At Least God Knows I Was Here

For several months last year, I did Clinical Pastoral Education (don’t ask, it can be explained later) and then was interim pastor at Uptown Ministry, a mission church and outreach center in Chicago’s Uptown neighborhood. The ministry largely served area homeless, the mentally ill and addicts of various kinds, being a place folks could come in out of the cold, or the heat, have a cup of coffee, talk to pastors like me. (And more serious folks who can actually help…) The ministry has a food pantry and holds worship services twice a week.

I never imagined, in all my born days, that I would love such work. Or that I’d be good at it.

At any rate, Jen and I visited Uptown Ministry today, got to see some old faces and meet some new folks. And I noticed something I always found somewhat perplexing. The ministry has a sign-in sheet, and folks are asked to sign when they first come in.

A few people, not many, will come in, sign the sheet, and walk right back out. They won’t get a cup of coffee, or water, or anything else. they’ll just sign it and leave. What’s that all about?

As I was sitting at the front desk there today, I thought about that a bit (no one did it today, it just wandered across my consciousness as people signed in). Why would anyone do that? Maybe it’s a desire that someone know they were there, that they still exist and they want some proof in ink on paper to show for existing. That someone know who they are, where they are, THAT they are. It’s not much, a signature on a piece of paper, but what do most of us really leave behind? anyway (Aside from our genes, and some of us don’t even have that.)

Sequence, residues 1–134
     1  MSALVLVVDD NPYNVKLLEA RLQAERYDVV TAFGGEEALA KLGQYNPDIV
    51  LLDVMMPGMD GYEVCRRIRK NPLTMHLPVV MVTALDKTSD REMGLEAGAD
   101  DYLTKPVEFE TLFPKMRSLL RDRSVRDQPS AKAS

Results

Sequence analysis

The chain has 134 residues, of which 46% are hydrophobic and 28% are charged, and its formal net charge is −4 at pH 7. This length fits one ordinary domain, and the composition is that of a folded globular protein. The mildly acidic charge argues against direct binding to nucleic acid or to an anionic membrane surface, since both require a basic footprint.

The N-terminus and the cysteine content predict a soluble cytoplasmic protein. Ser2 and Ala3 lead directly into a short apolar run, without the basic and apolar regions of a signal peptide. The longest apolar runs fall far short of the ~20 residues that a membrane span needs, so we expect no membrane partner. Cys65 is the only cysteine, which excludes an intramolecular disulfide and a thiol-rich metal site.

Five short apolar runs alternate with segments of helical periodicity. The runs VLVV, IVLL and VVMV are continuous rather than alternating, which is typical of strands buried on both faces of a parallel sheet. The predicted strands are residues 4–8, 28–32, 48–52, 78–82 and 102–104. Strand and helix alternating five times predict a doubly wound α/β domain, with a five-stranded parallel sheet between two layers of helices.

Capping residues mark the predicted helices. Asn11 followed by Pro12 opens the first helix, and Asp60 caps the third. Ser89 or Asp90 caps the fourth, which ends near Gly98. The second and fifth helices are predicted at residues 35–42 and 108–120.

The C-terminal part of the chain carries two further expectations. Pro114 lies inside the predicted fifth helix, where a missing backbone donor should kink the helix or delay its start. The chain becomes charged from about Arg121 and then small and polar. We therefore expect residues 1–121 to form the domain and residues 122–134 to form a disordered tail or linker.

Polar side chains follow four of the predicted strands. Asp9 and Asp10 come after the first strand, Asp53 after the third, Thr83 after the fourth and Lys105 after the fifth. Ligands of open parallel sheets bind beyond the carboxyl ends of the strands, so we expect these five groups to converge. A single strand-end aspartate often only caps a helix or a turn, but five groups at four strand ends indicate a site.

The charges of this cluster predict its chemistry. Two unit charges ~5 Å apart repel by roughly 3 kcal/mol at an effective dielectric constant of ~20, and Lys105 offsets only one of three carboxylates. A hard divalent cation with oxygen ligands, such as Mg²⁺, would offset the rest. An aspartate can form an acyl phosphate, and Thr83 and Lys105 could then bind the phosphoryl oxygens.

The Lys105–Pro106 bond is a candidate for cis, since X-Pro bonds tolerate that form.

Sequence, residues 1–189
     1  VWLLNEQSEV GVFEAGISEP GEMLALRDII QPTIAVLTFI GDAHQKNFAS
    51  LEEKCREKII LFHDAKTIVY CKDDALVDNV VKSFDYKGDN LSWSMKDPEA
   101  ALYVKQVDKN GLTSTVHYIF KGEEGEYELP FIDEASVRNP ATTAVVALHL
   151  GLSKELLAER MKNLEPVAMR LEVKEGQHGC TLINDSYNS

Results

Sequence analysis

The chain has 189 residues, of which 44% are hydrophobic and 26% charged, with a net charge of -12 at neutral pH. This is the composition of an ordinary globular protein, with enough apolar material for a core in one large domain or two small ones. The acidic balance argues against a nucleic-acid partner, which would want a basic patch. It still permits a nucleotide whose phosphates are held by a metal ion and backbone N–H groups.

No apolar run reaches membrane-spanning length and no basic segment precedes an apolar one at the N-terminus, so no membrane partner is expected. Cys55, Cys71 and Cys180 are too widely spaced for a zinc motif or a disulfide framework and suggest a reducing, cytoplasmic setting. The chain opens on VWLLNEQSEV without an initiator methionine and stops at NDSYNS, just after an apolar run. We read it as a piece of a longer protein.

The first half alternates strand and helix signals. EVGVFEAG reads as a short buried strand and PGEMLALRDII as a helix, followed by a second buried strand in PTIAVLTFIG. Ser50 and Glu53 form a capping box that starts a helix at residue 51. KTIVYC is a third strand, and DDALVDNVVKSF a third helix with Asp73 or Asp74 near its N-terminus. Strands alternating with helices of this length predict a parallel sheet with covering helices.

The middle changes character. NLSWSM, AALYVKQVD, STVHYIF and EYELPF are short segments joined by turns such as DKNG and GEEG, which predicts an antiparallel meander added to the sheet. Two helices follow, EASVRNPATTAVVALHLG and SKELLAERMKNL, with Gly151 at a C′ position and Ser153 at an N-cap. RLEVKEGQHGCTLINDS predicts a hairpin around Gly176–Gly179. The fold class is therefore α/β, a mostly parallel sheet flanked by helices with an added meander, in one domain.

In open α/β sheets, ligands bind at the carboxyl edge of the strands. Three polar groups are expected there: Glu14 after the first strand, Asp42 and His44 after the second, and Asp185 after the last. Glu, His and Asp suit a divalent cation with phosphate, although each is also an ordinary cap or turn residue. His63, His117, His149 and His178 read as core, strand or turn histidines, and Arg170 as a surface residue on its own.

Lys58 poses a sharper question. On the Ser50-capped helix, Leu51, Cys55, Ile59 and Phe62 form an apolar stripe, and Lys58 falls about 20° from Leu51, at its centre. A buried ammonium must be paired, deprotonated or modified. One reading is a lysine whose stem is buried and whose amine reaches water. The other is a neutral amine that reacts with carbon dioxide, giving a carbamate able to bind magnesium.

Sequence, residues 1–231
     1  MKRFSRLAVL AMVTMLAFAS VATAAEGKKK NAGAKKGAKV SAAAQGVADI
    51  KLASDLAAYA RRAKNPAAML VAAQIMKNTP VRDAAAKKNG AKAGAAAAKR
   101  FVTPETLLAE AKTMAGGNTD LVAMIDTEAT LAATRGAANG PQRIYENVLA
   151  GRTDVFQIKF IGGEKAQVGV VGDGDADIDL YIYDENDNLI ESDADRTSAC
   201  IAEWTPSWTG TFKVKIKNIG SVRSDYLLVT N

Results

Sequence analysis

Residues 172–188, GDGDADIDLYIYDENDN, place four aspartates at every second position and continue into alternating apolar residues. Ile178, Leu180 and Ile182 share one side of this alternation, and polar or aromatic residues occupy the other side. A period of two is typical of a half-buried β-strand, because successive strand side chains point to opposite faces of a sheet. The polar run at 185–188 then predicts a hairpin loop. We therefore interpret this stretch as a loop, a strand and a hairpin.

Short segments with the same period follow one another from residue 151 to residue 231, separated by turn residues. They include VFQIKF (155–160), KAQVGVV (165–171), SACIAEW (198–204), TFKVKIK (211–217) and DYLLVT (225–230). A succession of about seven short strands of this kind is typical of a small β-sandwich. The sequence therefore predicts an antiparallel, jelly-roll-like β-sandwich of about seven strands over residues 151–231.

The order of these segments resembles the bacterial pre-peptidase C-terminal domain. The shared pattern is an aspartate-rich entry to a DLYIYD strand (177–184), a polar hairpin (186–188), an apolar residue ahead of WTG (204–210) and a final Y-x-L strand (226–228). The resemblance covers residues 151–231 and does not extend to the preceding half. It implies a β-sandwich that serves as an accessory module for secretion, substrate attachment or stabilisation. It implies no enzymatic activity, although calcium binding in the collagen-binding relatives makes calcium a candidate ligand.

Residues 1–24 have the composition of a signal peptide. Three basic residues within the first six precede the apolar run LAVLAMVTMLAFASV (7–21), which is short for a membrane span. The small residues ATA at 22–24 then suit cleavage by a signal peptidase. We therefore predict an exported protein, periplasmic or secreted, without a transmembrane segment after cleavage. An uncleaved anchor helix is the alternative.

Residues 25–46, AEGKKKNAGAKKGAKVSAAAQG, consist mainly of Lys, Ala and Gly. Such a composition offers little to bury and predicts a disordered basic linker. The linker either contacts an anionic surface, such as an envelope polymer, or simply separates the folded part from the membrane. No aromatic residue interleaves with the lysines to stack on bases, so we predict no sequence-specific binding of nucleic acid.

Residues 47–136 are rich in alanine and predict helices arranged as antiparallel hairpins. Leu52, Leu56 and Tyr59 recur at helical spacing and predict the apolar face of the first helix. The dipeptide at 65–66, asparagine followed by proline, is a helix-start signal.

There was a time when I wanted to leave no evidence behind that I had ever been on earth. My existence, once I was gone, would be utterly erased, would be a matter only between me and God. I wanted all evidence that I’d even walked and breathed and wrote and sung to simply disappear. I’m still somewhat ambivalent about that, though Jennifer and I now have a plan that our mingled ashes will at some point be part of the bed for a bramble of wild roses. But I also trust that somehow, something of me will actually touch the world and remain in it. I don’t know what that would be, or who would carry that, or how it would touch someone else. I trust that will happen, even as I have no idea what it means.

So maybe I too am one of those folks signing the sheet and walking right back into the cold, hoping that my simple signature on a piece of paper means that God knows where I am. Even if no one else does.